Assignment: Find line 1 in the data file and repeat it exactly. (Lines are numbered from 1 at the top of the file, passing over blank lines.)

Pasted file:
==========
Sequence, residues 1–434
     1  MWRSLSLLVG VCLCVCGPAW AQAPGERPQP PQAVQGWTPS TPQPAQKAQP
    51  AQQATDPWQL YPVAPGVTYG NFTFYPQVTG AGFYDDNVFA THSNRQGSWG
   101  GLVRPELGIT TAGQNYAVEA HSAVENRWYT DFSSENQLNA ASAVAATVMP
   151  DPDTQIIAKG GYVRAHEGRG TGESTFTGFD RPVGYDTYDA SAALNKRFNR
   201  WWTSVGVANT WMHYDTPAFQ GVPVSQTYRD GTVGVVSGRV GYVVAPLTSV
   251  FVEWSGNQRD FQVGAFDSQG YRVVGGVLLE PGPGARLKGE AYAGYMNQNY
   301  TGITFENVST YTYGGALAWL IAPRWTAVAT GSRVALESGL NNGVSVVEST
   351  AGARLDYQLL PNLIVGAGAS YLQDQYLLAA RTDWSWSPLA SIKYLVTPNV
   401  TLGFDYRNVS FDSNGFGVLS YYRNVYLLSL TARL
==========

Sequence, residues 1–434